“In this world everyone is troubled by everyone else; no one is really a servant of anyone else. Tulsi says that whatever good can come will only be through the merciful Shri Rama.” (Dohavali, 100)
बाधक सब सब के भए साधक भए न कोइ।
तुलसी राम कृपालु तें भलो होइ सो होइ ॥
bādhaka saba saba ke bhae sādhaka bhae na koi।
tulasī rāma kṛpālu teṃ bhalo hoi so hoi ॥
1. They looked at me the wrong way
“I really can’t stand that person. Do you see the way they looked at me? I didn’t even do anything. They are always in a miserable mood. Who would want to be around them? At least pretend to be pleasant. We are not dealing with each other for long. It is not like we are roommates living in the same building.”
2. They refused to give in to my demands
“I really can’t stand that person. After I have done so much for them. After I took their multiple phone calls per day. After I offered so much sound advice. They refuse to agree with a simple request I made. I am insulted. I will never forget this offense.”
3. They are always so quiet
“I really can’t stand that person. They just sit there, all quiet. They have no interests. They are always going along with whatever I say. At least pretend to be excited. Show some enthusiasm. Who would want to hang out with someone like that?”
4. They are always talking
“I really can’t stand that person. Always talking. Constant noise. Nothing of substance, either. It’s like they are too afraid to be with their own thoughts. Maybe there is nothing going on up there. Emptiness. Sadness. Loneliness. Whatever the case, why are you bothering me? Go babble towards someone else.”
5. They are not willing to put my interests ahead of theirs
“I really can’t stand that person. I can’t believe how selfish they are. They don’t care a lick about any of my issues. They want to move on to their pressing problem. It is too much for me. I would like some real friends. I will take just one. That is not too much to ask.”
In the above mentioned conditions, the exact nature of the relationship does not necessarily matter. The two parties could be friends, related as father and son, colleagues at the same office, or even living within an institution focused on spiritual life.
काम एष क्रोध एष
विद्ध्य् एनम् इह वैरिणम्
kāma eṣa krodha eṣa
viddhy enam iha vairiṇam
“The Blessed Lord said: It is lust only, Arjuna, which is born of contact with the material modes of passion and later transformed into wrath, and which is the all-devouring, sinful enemy of this world.” (Bhagavad-gita, 3.37)
Bhagavad-gita provides the scientific basis for the disagreement. The initial cause is kama. For every effect, there is a cause. The fruits falling on the grass outside are due to the tree. The tree is there based on the seed. The seed is from within the earth, and there is a point of origination for both the earth and the entire universe itself.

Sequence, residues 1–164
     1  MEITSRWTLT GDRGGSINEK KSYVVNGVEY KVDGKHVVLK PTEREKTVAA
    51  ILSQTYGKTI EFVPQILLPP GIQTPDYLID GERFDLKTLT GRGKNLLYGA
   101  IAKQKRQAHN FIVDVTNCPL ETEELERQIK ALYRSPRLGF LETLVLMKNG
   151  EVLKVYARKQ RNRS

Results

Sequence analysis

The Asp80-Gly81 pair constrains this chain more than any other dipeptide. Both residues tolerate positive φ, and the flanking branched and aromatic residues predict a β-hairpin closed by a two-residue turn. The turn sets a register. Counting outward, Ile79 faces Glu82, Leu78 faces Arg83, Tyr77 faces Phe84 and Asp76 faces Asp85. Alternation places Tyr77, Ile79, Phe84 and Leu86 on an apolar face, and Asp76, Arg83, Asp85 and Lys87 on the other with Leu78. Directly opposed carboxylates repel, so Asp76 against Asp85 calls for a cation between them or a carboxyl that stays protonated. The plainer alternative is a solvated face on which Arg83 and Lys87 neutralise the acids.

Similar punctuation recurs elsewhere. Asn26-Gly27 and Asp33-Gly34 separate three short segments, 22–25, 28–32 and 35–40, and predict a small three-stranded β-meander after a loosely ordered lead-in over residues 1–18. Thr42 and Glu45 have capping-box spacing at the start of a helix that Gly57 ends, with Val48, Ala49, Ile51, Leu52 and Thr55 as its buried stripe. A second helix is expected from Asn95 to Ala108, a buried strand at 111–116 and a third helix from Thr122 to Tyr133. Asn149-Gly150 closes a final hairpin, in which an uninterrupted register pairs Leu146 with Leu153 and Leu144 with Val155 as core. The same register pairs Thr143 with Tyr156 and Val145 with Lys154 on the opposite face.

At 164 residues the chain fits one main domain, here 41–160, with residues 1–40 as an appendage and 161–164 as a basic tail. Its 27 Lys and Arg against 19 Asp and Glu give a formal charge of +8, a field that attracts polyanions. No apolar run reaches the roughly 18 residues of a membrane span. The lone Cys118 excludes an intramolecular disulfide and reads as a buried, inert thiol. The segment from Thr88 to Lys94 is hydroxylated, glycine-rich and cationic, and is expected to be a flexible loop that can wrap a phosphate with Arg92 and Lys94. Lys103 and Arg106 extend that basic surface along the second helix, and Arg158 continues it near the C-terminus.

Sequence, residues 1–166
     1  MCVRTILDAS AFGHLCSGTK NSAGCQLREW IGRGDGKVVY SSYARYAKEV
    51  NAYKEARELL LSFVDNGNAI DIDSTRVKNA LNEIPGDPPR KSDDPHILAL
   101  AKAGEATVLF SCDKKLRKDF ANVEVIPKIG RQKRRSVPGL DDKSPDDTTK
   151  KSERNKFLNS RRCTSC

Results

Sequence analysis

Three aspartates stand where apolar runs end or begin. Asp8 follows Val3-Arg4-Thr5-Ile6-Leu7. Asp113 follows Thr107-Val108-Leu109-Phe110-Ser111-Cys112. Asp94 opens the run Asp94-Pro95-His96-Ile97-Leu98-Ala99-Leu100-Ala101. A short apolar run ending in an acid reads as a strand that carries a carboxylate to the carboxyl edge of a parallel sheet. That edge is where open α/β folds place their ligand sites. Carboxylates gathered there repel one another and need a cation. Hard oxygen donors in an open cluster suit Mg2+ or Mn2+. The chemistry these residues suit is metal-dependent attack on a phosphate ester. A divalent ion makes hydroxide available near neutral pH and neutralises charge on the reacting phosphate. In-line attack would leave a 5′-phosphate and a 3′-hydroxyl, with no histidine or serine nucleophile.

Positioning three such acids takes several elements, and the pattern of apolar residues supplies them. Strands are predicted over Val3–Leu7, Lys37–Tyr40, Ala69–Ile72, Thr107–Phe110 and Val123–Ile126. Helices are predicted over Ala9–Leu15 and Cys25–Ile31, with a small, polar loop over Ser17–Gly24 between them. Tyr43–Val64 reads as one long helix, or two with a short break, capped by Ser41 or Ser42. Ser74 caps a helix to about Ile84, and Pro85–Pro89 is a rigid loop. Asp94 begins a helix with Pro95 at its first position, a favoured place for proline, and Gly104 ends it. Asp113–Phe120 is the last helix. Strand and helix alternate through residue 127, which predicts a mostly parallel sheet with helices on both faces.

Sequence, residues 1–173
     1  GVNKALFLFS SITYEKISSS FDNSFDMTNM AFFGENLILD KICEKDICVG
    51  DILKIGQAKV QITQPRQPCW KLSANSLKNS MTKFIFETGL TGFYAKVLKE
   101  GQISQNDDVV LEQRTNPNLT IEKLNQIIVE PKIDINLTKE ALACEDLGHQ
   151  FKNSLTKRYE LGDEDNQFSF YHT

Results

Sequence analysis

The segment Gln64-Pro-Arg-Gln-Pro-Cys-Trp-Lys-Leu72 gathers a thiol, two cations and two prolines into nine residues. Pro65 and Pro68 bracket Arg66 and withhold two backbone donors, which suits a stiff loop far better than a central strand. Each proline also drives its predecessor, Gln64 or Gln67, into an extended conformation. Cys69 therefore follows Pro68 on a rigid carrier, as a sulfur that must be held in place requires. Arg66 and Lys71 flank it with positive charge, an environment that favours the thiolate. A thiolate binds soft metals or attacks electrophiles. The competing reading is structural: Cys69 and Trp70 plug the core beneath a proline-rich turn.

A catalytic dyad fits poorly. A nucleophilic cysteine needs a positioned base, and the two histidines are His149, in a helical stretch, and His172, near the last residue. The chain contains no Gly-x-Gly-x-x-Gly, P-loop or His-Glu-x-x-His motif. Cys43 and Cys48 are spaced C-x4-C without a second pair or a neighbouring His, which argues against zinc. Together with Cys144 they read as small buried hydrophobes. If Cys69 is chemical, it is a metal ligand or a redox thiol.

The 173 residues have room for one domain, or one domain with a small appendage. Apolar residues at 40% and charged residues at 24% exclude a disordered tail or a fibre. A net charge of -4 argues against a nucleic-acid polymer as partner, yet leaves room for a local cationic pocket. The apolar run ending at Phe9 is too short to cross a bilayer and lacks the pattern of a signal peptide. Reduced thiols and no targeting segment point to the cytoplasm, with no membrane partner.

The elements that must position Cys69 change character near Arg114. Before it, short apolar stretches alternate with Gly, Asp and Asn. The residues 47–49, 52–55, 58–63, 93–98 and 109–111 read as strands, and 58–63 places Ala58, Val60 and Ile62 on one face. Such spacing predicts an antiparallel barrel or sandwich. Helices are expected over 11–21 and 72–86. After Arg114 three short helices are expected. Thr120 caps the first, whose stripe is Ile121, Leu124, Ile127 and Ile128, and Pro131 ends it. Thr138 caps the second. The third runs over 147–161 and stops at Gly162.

मूर्तयः सम्भवन्ति याः
तासां ब्रह्म महद् योनिर्
अहं बीज-प्रदः पिता
mūrtayaḥ sambhavanti yāḥ
tāsāṁ brahma mahad yonir
ahaṁ bīja-pradaḥ pitā
“It should be understood that all species of life, O son of Kunti, are made possible by birth in this material nature, and that I am the seed-giving father.” (Lord Krishna, Bhagavad-gita, 14.4)
With the effects of anger, wrath, resentment, hatred, and so forth, the original cause is kama. This can be translated as “material desire.” Basically, anything that is hoped for relating to the material body. Creature comforts. A better financial situation. Enjoyment of the senses, and so forth.
Unless kama is controlled, there will always be disappointment. The living beings are not satya-sankalpa. When they have a desire, there is no guarantee of success. Even if the same desire were previously met, hundreds of times, material nature must first give its sanction.
गुणैः कर्माणि सर्वशः
कर्ताहम् इति मन्यते
guṇaiḥ karmāṇi sarvaśaḥ
kartāham iti manyate
“The bewildered spirit soul, under the influence of the three modes of material nature, thinks himself to be the doer of activities, which are in actuality carried out by nature.” (Lord Krishna, Bhagavad-gita, 3.27)
Goswami Tulsidas explains that no one is really a servant of another. Though they may print the motto for their company as, “service is everything,” they are really in it for meeting self-interest. The relationship within service only continues for as long as both parties are satisfied. Mutual cooperation or mutual benefit.
Bearing this in mind, it is better to accept the realization that only the Supreme Lord is in charge. Whatever is supposed to happen will happen. We can certainly make the effort. We are not asked to sit idly, with no attention to duty or righteousness.
यदि ह्यहं न वर्तेयं जातु कर्मण्यतन्द्रितः ।
मम वर्त्मानुवर्तन्ते मनुष्याः पार्थ सर्वशः ॥
yadi hy ahaṁ na varteyaṁ
jātu karmaṇy atandritaḥ
manuṣyāḥ pārtha sarvaśaḥ
“For, if I did not engage in work, O Partha, certainly all men would follow My path.” (Lord Krishna, Bhagavad-gita, 3.23)
We should work with a consciousness fixed on dharma, accepting the results whichever way they fall. Tulsidas says that Rama is ultimately in charge. The Supreme Personality of Godhead has a handle on everything. There is no reason to remain upset at other individuals for an extended period of time.
After all, if they hate me for some reason, for failing to meet their demands, perhaps I have done the same with others. I am not any different; kama is a ruling force when there is an absence of pure God consciousness. Therefore, the more I can remember Shri Rama, the more I remain fixed in service to Him, the better I will be able to handle interactions with others; whether those interactions are pleasant or unfriendly.
Through interactions many,
Not stability any.
Some my association to prefer,
Others my shortcomings to refer.
Anger and wrath a poison combination,
Better to control with determination.
Only remembering Hari through,
The sole person responsible who.
Categories: the five